For three weeks in June and July, Synthesis toured Puerto Rico, the Dominican Republic, and Cuba. The group enjoyed the rich musical history of the Caribbean as they gave performances, participated in music clinics, worked with several guest artists, and enriched the local community through outreach activities.
In Puerto Rico and the Dominican Republic, Synthesis performed with jazz flautist Néstor Torres, who provided insight and a new understanding of music as he worked with the group. Other guest artists included Pavel Núñez, Orlando Valle, Lázaro Dagoberto, and Latin Grammy winner Ed Calle, who each shared different perspectives into the field of jazz. “Being able to work with these groups and people was absolutely fantastic,” says Synthesis director Ray Smith. “Connecting with these top minds in jazz was a deeply enlightening experience both for myself and for the students.”
In addition to meeting with these professionals, Synthesis got to learn from and perform with many respected musical groups. Thanks to the efforts of the Cuban Ministry of Culture, Synthesis met internationally renowned artists from the Buena Vista Social Club. Synthesis also performed with the Carolina Municipality Jazz Band in Carolina, Puerto Rico, and the Joven Jazz youth band in Havana, Cuba. While in the Dominican Republic, the BYU group participated in music clinics at the Conservatorio Nacional de Música and the Universidad Autónoma de Santo Domingo, where band members learned more about Caribbean rhythms and Latin jazz. Some members of Synthesis also appeared on three radio shows in the Dominican Republic: El Mismo Golpe con Jochy, El Sol de la Mañana, and Música a las Doce.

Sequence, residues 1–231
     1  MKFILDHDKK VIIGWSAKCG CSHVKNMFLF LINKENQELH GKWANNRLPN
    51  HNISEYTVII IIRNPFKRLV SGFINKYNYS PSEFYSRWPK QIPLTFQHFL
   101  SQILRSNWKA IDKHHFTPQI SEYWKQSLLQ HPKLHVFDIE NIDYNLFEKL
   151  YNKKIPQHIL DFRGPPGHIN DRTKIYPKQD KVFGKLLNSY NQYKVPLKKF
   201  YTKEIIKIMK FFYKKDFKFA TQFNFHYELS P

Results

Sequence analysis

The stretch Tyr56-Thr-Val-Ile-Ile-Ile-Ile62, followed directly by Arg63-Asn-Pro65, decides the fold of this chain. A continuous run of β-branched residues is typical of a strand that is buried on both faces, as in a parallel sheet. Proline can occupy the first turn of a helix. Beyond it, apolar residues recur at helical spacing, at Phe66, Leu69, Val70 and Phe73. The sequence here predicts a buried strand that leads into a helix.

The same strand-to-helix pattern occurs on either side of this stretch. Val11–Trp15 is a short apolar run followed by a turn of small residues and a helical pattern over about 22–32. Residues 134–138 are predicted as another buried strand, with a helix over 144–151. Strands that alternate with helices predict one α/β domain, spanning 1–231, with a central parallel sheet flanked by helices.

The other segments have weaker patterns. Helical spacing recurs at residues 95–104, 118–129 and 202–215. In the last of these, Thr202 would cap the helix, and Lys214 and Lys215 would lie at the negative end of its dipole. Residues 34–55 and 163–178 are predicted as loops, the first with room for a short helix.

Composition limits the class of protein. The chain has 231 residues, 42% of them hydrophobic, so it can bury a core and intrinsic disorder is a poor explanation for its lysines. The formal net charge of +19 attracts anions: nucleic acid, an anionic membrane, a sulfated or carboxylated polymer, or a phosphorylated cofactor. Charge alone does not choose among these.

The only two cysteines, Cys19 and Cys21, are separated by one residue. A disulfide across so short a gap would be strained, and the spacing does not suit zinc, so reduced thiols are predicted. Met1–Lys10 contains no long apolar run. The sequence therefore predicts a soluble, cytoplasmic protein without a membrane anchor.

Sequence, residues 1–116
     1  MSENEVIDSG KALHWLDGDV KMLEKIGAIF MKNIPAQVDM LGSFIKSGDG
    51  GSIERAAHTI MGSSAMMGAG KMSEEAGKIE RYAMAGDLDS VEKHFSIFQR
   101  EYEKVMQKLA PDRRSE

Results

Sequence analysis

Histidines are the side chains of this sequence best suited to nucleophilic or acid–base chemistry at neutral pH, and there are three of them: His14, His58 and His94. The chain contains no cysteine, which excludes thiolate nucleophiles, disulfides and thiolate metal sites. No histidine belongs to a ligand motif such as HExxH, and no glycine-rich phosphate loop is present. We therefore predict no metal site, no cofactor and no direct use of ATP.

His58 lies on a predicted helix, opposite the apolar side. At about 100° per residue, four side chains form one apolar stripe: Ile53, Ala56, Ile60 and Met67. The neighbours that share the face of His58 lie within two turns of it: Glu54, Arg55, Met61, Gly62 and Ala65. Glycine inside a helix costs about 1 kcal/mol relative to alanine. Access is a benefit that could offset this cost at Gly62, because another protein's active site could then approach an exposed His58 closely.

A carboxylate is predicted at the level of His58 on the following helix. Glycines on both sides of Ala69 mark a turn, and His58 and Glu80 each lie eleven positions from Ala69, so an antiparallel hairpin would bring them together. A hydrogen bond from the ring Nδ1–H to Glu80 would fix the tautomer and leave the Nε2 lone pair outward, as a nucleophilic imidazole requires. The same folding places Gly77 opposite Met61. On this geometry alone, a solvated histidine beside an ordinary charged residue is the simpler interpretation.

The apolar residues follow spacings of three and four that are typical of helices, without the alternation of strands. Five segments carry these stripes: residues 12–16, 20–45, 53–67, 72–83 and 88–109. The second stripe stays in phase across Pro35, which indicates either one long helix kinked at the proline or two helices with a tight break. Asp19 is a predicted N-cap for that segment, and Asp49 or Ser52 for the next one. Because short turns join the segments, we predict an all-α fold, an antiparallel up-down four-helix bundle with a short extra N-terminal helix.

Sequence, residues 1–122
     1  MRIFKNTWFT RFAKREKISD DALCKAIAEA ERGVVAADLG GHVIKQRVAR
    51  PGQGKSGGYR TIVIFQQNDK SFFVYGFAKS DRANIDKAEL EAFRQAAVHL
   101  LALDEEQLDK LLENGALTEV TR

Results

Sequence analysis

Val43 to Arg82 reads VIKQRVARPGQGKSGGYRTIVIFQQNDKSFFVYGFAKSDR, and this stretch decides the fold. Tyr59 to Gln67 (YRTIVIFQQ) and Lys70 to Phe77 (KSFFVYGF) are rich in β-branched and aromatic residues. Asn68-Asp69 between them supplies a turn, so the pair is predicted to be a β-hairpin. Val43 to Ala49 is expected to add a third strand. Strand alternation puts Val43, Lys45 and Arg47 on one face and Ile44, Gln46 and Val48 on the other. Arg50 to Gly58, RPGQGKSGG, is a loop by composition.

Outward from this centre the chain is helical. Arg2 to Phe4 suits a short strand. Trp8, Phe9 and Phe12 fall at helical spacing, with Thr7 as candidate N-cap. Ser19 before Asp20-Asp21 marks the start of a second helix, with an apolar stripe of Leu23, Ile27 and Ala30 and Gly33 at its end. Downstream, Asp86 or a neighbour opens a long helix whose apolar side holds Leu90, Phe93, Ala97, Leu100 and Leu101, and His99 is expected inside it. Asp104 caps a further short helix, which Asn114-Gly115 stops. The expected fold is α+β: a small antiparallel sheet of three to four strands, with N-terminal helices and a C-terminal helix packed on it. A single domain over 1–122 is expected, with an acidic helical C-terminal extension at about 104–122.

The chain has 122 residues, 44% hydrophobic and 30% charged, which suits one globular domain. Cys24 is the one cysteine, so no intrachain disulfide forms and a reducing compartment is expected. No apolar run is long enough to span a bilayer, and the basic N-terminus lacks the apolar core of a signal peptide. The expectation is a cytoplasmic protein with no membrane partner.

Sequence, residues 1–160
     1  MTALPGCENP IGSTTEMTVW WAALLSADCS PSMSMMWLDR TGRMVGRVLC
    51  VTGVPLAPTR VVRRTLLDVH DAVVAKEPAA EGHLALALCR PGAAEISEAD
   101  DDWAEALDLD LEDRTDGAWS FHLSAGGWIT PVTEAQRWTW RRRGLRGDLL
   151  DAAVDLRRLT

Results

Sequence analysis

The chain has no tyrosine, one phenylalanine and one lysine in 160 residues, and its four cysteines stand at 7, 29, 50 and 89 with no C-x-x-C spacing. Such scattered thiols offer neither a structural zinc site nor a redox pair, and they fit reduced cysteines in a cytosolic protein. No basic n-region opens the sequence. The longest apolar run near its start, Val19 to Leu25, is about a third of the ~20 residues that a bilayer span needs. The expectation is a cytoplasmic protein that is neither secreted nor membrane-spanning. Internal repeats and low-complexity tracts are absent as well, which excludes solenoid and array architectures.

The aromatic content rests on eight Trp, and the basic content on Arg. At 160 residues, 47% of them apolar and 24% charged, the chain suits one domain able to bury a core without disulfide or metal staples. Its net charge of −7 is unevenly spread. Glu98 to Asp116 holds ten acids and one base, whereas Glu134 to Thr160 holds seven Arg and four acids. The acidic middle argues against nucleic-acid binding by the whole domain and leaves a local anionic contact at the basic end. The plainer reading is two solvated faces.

Synthesis visited a number of historical and cultural locations near the venues. One in particular was the Estudios Areito in Cuba, the home of Cuba’s oldest record label and the location where great jazz artists, like Nat King Cole, recorded previously. Other places they visited included Puerto Rico’s Arecibo Observatory (home to the second-largest radio telescope in the world) and La Fortaleza (home of the Puerto Rican governor and the oldest active executive mansion in the Western Hemisphere).
Synthesis members also worked to fulfill the aims of a BYU education—notably, lifelong service and character building—by serving communities throughout their tour. Synthesis members performed for 300 inmates at La Victoria National Penitentiary in Santo Domingo, Dominican Republic. In another service activity, the BYU group helped at the Banco de Alimentos de Puerto Rico to count, organize, and sort merchandise to be donated locally.
“We loved serving them,” says Smith. “However, we feel the greatest blessing is knowing the people we developed connections with during the tour. They are all just so good, and their love, I feel, will be our biggest takeaway.”